Windsor Castle

A Warm Welcome to Windsor Castle

The Residence of British Kings & Queens for over 900 Years

Our website brings you information and facts about Windsor Castle, where the Queen spends most of her private weekends. We’ll tell you when to visit, about the rich history of Windsor Castle, news and planned events. Moreover, we’ll tell you how to book your tickets and practical information you may require.

Windsor Castle Tours

Windsor Castle is open to visitors daily, but times may be subject to change Windsor Castle is open to visitors all year round.
Please make a note of final admission times on the day of your visit as entrance to the state departments closes 30 minutes after this time. Windsor Castle is a working entity and therefore may need to close areas as required.
Visitors are advised to book their tickets in advance as the admissions centre can get extremely busy throughout the morning. Hoardings may be seen along the visitor route, this is for visitor’s protection whilst improvement projects are underway.

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Scheduled Closures

Up to 31st October 2019 Last admission is 4pm and the castle closes at 5:15pm From 1st November 2019 Last admission is 3pm and the castle closes at 4:15pm

On the 3rd of July 7th September 2nd & 3rd October 2019 the last admission is 3pm the castle will close at 4pm. 25th & 26th December 2019 Castle completely closed In 2019 the Semi-State Rooms will re-open on the 28th September until Spring but close when the State Apartments are closed. Queen Mary's Dolls' House is currently closed. St George’s Chapel closes at 4pm.

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Castle Highlights

St Georges Chapel

Visitors can look up above the choir stalls and see the insignia of the Knights of the Garter, helmets, banners and swords.

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Changing The Guard

Changing of the Guard takes place at Windsor Castle amidst the stunning backdrop of the oldest and largest occupied Royal Castle in the world.

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Travel Tips

Windsor& the Castle is easily accessable by public transport & car. See below for more information.

Windsor Castle Facts

Windsor Castle Facts

Windsor Castle is the official residence of Queen Elizabeth II. It has been home to English Royalty for almost 1000 years. The stunning 13-acre site is the largest and oldest occupied, working castle in the world. The Queen is in residence if the flag flying from the Round Tower is the Royal Standard.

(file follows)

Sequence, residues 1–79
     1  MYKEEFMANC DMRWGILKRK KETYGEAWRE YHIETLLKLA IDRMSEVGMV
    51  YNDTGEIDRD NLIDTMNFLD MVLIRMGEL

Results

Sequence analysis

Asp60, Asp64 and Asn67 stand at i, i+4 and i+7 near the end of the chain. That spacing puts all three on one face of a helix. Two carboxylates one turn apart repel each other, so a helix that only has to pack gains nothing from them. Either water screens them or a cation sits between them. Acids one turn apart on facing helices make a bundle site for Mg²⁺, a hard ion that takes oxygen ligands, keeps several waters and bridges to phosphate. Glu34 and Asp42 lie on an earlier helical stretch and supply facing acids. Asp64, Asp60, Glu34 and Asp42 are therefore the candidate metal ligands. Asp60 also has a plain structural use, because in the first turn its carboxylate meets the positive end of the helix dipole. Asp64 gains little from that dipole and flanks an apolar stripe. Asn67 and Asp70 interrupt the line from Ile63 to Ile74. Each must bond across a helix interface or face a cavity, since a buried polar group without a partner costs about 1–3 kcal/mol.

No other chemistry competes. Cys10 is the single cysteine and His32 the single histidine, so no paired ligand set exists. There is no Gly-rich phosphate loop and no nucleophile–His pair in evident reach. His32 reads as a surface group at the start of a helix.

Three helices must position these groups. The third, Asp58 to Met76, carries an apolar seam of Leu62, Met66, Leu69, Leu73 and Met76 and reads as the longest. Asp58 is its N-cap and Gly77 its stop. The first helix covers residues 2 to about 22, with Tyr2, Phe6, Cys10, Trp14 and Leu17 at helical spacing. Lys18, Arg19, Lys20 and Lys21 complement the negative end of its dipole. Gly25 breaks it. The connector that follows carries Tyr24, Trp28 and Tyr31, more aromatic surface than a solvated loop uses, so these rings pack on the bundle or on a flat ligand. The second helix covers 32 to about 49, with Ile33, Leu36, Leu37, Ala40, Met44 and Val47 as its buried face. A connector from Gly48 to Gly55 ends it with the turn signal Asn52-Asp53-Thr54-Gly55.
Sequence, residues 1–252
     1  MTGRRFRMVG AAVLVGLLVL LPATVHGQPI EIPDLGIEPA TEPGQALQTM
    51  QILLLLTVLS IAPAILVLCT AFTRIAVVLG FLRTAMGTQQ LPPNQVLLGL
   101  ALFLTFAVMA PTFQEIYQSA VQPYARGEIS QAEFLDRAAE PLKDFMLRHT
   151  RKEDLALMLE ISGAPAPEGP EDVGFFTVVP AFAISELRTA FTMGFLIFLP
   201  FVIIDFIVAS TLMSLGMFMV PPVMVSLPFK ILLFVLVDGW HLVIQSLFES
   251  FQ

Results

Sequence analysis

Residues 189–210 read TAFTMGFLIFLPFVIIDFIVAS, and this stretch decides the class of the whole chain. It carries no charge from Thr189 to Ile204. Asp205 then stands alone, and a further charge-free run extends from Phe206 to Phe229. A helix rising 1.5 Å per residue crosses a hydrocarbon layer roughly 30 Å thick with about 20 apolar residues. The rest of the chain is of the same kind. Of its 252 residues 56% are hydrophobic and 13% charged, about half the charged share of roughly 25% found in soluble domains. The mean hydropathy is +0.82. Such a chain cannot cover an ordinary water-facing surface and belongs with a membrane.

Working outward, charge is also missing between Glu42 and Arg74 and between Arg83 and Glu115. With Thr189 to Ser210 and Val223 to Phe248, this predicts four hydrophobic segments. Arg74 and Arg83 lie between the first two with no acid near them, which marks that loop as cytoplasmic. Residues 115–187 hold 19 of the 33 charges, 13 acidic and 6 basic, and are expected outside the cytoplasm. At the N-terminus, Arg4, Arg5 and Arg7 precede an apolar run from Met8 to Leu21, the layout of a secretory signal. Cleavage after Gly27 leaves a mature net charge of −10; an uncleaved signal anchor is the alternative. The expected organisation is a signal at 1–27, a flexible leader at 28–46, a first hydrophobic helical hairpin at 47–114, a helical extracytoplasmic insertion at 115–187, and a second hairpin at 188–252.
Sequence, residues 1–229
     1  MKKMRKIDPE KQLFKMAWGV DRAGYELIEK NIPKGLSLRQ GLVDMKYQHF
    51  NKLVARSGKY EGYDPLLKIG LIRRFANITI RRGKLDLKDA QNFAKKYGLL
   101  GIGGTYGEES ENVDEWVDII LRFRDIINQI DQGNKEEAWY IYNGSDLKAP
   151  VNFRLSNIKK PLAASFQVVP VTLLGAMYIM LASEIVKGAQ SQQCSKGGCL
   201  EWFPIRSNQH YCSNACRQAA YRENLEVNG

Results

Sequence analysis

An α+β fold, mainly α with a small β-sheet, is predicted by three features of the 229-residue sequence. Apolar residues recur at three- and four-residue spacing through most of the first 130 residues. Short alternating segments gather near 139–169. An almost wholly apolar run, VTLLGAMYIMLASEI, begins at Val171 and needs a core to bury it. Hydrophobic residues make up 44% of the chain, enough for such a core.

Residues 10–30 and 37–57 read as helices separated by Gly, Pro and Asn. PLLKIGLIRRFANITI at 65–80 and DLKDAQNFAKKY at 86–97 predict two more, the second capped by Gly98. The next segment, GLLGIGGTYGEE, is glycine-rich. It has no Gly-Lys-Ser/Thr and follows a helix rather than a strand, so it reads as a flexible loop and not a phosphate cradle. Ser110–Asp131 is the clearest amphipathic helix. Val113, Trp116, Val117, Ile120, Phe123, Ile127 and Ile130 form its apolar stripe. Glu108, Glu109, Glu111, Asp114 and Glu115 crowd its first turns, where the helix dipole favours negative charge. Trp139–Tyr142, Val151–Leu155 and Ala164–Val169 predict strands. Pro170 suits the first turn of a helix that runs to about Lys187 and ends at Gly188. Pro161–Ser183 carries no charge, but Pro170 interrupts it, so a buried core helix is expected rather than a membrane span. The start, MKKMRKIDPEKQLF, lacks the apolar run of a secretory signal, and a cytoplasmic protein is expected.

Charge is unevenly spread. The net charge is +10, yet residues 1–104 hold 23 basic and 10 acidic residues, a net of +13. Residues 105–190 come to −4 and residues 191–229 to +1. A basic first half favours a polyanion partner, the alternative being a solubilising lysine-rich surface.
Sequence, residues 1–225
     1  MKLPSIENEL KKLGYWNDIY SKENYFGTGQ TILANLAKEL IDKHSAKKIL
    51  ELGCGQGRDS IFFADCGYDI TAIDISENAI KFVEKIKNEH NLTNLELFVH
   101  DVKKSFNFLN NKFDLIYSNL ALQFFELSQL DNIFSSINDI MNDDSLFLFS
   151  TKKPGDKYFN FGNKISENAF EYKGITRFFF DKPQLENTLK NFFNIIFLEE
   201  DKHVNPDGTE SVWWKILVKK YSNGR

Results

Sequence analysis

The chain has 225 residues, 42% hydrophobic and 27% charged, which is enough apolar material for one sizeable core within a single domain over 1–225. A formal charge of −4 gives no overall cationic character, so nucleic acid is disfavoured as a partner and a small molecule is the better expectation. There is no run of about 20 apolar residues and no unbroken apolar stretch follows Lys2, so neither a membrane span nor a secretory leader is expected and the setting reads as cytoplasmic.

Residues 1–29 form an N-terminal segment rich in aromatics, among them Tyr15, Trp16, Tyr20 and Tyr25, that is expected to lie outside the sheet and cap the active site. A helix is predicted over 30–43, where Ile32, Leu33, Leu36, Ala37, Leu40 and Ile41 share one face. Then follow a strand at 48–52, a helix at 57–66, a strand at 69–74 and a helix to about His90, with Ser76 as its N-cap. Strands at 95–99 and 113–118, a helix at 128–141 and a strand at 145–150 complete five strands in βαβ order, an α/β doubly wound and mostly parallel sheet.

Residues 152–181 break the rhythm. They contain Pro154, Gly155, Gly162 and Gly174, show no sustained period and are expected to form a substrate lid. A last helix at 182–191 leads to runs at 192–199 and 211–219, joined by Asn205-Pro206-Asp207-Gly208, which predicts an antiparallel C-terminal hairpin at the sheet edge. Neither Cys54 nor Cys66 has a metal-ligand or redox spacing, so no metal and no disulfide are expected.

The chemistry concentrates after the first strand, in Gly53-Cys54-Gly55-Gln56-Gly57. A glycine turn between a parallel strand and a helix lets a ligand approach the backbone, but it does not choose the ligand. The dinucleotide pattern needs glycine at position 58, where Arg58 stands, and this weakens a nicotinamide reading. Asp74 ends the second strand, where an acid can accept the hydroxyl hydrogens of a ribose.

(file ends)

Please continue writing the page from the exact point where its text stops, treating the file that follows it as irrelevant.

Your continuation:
The castle hosts formal state events, ceremonial occasions and visits from foreign dignitaries and overseas Heads of State. Windsor castle has its own changing of the guard which has been performed since 1660.

St George’s Chapel is the home of the Order of the Garter, an annual event founded by Edward III in 1348.

Banquets and Ceremonies

Ceremonial and State occasions

Windsor Castle is famous for ceremonial and State occasions. Official visits from overseas Heads of State are recognised by State Banquets in St George’s Hall. Silver-gilt and porcelain from the Royal Collection adorns the magnificent dining table seating 160 guests.

The Order of the Garter was founded by Edward III in 1348 at Windsor Castle. There is an annual thanksgiving service in St Georges Chapel with full robes and insignia. Headed by the Queen, senior Royal Family members join the 24 knights selected in recognition of their work. Every knight or lady of the garter is recorded by a coat of arms mounted in St George’s hall.

The changing of the guard at Windsor Castle takes place on the lawn of the Quadrangle outside the Royal Apartments when the Queen is in residence. At other times, the ceremony takes place in the Lower Ward with leaving Regiment and entering New Guard using the Henry VIII Gate.

The Moat Room

The Moat Room

The new Moat Room houses three models of Windsor Castle crafted in bronze. Designed to show the evolution of the historic site, they are accompanied by a timeline of reigning monarchs which is mounted on the walls of the room.

The years depicted by the models are 1080, 1216 and 1377 as they were points in history when the simple fort was expanded and developed into a palace of great importance in medieval Europe.